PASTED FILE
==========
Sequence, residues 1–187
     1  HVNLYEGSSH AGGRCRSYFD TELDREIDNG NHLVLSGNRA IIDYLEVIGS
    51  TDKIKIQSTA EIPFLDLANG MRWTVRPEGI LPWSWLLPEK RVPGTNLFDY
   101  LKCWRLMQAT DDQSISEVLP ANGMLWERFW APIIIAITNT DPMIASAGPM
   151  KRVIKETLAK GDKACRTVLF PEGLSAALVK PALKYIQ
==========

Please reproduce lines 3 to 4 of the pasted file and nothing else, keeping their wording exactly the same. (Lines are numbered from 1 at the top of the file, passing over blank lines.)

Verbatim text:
    51  TDKIKIQSTA EIPFLDLANG MRWTVRPEGI LPWSWLLPEK RVPGTNLFDY
   101  LKCWRLMQAT DDQSISEVLP ANGMLWERFW APIIIAITNT DPMIASAGPM